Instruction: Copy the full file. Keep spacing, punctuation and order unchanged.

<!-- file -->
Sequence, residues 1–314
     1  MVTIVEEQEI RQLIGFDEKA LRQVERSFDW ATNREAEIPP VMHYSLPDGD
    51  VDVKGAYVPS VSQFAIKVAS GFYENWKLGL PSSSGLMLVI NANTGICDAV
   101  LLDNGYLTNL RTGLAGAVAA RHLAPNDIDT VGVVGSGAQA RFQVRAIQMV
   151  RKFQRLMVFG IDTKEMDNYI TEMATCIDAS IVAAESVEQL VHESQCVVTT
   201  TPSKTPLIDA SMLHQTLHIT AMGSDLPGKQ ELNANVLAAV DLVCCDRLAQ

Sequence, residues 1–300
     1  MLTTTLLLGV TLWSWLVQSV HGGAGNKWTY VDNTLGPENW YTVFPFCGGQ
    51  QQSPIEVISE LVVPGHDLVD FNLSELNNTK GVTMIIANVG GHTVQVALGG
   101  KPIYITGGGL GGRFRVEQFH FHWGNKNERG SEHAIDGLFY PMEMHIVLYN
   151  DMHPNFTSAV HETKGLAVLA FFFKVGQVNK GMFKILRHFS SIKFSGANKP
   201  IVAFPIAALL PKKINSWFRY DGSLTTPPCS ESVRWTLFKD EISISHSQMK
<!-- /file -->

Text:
Sequence, residues 1–314
     1  MVTIVEEQEI RQLIGFDEKA LRQVERSFDW ATNREAEIPP VMHYSLPDGD
    51  VDVKGAYVPS VSQFAIKVAS GFYENWKLGL PSSSGLMLVI NANTGICDAV
   101  LLDNGYLTNL RTGLAGAVAA RHLAPNDIDT VGVVGSGAQA RFQVRAIQMV
   151  RKFQRLMVFG IDTKEMDNYI TEMATCIDAS IVAAESVEQL VHESQCVVTT
   201  TPSKTPLIDA SMLHQTLHIT AMGSDLPGKQ ELNANVLAAV DLVCCDRLAQ

Sequence, residues 1–300
     1  MLTTTLLLGV TLWSWLVQSV HGGAGNKWTY VDNTLGPENW YTVFPFCGGQ
    51  QQSPIEVISE LVVPGHDLVD FNLSELNNTK GVTMIIANVG GHTVQVALGG
   101  KPIYITGGGL GGRFRVEQFH FHWGNKNERG SEHAIDGLFY PMEMHIVLYN
   151  DMHPNFTSAV HETKGLAVLA FFFKVGQVNK GMFKILRHFS SIKFSGANKP
   201  IVAFPIAALL PKKINSWFRY DGSLTTPPCS ESVRWTLFKD EISISHSQMK